Stars look white but that white light is made up of lots of different colors. If you put that light through a prism, you get a spectrum of all the colors, but because of the elements in the stars, there are specific lines of that spectrum.

If we look at the light from a distance galaxy, those same lines show up, but they are shifted based on the motion of the galaxy in relation to us, and the amount of the shift depends on their velocity.

We know that the larger the red shift is, the farther away the galaxy is, and therefore the older it is since it took the light a long time to reach us.

Anonymous 0 Comments

A bunch of different ways: Cepheids as koolaid said,

Parallax can be used to measure objects in our galaxy just be measuring angles at different places in Earth’s orbit.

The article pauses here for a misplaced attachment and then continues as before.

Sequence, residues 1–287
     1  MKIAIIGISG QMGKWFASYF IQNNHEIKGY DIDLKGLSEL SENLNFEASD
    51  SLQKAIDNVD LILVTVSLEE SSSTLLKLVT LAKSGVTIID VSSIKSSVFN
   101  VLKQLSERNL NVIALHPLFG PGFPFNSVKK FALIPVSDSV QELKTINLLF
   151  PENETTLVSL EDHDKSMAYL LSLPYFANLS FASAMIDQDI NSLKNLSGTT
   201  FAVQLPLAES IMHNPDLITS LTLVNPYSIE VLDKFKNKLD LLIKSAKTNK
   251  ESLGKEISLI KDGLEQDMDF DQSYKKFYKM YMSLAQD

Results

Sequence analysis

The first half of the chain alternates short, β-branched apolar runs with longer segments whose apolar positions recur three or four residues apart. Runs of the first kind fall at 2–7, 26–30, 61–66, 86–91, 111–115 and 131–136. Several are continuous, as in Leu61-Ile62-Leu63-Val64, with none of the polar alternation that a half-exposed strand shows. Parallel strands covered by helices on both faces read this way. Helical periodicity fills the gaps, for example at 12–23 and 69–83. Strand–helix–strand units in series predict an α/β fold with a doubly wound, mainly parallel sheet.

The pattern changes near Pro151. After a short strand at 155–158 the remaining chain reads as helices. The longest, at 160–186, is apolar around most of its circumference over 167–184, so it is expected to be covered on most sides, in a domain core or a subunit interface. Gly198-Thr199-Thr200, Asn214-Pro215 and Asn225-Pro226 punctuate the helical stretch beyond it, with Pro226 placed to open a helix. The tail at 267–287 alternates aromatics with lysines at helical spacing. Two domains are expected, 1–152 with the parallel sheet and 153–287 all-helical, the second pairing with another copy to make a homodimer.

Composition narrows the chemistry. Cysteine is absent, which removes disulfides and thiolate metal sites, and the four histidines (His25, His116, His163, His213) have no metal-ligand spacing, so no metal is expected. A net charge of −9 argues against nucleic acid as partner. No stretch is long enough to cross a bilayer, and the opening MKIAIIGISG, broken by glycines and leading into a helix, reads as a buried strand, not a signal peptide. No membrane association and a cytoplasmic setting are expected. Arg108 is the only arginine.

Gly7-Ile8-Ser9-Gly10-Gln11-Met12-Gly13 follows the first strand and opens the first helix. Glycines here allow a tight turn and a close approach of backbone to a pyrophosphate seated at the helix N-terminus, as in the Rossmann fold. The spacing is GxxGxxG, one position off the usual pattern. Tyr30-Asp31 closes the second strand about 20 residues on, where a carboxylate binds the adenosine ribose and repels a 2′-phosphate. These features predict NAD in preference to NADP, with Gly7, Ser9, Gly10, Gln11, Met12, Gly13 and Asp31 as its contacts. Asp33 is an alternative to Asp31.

Type I supernovae, supernova from binary stars where a white dwarf is siphoning matter from another star, always explode at 1.44 solar masses. Which means their luminosity is constant and changes in perceived luminosity becomes a range-finder.

The last is red-shift. We see a fairly predictable relationship between relative velocity (which causes redshift) and distance, so if we see how much a hydrogen line is red-shifted we can estimate the distance.

Anonymous 0 Comments

Stars look white but that white light is made up of lots of different colors. If you put that light through a prism, you get a spectrum of all the colors, but because of the elements in the stars, there are specific lines of that spectrum.

If we look at the light from a distance galaxy, those same lines show up, but they are shifted based on the motion of the galaxy in relation to us, and the amount of the shift depends on their velocity.

We know that the larger the red shift is, the farther away the galaxy is, and therefore the older it is since it took the light a long time to reach us.